very difficult to make a definitive statement. but the clock is ticking. i think he is indeed behind in his development.

  • http://bleachernation.com loyal100more

    is there really no other info on concepcion? so the agent says last week” this weekend or at the latest, the start of next week”. well its almost the end of this week and we have no additional info on his client? has anyone seen anything or heard any news aside from the “non- update” that im sure brett was unimpressed with as he was posting it. thanks anyway brett, we all know your a bloodhound always fallowing the cubs sent.

  • Kyle

    Since you love being corrected, Brett, the [McLeod said] should be a [Jackson said].

    Unless McLeod is the one who sees himself as an ignition for offenses. It had me kind of confused on first read-through.

  • ferrets_bueller

    That quote has me seriously confused about the identities of McLeod and Jackson.  Are they secretly the same person?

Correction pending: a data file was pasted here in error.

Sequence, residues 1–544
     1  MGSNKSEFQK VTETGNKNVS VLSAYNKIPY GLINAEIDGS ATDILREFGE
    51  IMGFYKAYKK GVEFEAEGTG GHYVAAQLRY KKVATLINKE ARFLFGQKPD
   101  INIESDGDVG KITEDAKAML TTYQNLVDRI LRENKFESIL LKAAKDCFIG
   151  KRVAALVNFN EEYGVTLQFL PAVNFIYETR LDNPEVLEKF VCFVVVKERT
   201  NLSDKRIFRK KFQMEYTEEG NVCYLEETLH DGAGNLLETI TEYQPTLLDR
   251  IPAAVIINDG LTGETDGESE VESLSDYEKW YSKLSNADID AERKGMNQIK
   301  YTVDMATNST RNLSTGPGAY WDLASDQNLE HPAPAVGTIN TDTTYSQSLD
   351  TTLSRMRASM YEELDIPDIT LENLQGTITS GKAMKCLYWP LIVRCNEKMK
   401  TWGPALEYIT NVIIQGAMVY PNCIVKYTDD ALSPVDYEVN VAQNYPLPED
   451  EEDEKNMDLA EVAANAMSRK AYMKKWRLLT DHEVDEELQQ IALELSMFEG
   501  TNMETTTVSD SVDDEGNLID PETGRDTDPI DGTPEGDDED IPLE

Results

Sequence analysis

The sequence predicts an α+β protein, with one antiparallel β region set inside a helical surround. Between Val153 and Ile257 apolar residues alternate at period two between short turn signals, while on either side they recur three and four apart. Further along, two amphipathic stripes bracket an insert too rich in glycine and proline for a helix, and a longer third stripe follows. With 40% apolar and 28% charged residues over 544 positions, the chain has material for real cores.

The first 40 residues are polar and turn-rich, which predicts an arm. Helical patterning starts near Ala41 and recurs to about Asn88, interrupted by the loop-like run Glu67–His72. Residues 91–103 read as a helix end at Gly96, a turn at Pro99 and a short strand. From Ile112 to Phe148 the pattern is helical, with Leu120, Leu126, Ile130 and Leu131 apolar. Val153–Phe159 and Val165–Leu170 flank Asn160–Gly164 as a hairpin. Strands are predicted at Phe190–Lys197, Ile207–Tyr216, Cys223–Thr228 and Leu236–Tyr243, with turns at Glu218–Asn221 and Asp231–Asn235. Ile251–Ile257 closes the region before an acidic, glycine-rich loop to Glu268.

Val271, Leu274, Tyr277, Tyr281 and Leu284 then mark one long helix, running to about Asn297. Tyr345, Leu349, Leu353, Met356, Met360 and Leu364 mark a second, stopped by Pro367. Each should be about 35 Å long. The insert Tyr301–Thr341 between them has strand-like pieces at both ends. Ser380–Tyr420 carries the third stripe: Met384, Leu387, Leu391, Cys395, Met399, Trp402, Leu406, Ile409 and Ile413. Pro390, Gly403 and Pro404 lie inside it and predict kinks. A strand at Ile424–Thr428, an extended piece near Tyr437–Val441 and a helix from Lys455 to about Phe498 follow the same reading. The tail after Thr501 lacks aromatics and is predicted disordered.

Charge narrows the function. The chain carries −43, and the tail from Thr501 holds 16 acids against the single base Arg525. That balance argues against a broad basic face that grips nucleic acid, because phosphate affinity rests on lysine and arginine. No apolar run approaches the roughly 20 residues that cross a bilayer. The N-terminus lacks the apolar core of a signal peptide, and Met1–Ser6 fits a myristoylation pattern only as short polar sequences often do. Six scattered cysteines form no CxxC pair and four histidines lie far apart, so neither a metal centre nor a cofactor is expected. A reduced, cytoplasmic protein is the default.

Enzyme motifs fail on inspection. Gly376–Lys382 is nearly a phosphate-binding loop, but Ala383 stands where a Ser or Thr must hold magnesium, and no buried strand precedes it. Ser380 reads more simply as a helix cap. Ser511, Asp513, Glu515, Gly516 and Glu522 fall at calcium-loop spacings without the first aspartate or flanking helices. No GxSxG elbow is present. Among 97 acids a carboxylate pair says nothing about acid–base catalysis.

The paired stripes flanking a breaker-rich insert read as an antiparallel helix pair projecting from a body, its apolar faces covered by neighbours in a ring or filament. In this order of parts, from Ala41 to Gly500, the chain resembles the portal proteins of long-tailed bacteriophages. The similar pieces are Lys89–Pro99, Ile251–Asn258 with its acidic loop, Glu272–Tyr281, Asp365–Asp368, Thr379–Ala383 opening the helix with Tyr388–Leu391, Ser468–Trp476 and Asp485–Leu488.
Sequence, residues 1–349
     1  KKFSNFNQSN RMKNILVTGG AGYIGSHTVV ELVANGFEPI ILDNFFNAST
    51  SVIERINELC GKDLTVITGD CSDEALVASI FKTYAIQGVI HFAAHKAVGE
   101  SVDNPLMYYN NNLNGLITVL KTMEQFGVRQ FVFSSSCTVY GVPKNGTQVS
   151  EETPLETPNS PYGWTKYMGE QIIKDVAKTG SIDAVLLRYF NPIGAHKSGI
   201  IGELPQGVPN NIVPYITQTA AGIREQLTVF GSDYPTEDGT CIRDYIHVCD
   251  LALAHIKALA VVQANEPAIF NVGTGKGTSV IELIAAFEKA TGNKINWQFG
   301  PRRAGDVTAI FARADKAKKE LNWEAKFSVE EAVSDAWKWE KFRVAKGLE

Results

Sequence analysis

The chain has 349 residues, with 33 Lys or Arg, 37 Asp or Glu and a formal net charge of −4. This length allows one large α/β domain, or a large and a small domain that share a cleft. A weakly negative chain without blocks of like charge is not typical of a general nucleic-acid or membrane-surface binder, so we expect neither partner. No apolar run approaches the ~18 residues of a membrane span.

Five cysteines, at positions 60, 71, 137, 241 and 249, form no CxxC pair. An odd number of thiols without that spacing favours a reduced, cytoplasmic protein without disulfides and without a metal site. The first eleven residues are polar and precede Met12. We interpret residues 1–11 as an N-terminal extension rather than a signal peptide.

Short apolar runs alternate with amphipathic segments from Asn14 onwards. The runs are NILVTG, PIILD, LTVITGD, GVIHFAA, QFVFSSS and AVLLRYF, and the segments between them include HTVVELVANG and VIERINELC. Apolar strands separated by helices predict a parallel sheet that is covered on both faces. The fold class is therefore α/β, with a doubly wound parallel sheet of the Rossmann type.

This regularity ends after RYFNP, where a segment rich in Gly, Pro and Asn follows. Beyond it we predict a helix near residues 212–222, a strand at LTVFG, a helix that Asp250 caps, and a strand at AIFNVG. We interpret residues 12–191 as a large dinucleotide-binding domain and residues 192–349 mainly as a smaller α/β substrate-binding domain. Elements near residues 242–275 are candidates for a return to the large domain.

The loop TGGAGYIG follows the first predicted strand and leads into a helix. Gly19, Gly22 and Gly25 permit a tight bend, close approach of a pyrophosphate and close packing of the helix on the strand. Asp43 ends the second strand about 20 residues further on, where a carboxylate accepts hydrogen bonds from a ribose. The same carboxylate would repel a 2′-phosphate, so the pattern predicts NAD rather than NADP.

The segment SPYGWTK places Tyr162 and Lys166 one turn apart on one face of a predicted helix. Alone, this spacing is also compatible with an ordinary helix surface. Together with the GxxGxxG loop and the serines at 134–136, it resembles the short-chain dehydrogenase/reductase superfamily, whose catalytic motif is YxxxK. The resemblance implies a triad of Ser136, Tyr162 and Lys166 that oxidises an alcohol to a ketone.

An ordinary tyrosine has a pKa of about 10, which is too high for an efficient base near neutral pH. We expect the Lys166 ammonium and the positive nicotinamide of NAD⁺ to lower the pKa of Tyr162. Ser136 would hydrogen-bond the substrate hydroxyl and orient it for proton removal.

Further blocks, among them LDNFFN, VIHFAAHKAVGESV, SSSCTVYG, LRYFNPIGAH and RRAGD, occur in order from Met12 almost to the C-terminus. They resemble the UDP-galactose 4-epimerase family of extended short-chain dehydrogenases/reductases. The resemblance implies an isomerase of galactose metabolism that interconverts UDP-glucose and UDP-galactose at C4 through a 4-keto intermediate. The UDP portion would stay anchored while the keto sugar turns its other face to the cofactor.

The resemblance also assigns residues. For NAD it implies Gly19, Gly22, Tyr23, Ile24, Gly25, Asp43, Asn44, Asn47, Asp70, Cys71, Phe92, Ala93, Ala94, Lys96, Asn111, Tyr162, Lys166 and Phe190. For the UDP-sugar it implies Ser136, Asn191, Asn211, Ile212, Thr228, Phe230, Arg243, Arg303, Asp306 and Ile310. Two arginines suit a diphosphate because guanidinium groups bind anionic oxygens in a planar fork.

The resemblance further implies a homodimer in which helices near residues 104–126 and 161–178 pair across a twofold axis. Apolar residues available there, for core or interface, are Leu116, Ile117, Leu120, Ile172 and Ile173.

• JulioZuleta

      Yeah, I noticed that too. I guess the secret is out now.

      • http://www.bleachernation.com Brett

        The ambiguous pronouns were an issue, and I didn’t help things in trying to clear it up. It should be fixed now.

  • cjdubbya

    Anyone else reporting Nats are talking Marlon Byrd and a prospect for Jon Lannan? Hot Stove Cubbies guy is talking that on Twitter – anyone else read that anywhere?

    • http://bleachernation.com loyal100more

      another average pitcher, 27 years old, that just lost in arb. well im not sure how i feel about that. byrd is a FA at the end of this year, and well just dont see that as in the clubs best interest one way or the other. mabe youth wise it does, but last time i looked byrd was a pretty good CF regardless of his age. this guy lannan well what can he offer the team aside from depth in the rotation, maybe the bullpen?

      • Kyle

        Yeah, I’m not real interested in Lannan. He’s a nice little pitcher, but we are actually doing pretty nicely on rotation depth. He’s only got two more seasons until free agency. I want longer-term assets for Byrd.

        • http://bleachernation.com loyal100more

          plus they want us to send a prospect in the deal… forget it

        • JB88

          He is an extreme ground ball pitcher, though. A quality in its pitchers that this FO seems to be putting a lot of emphasis in acquiring.

          • http://bleachernation.com loyal100more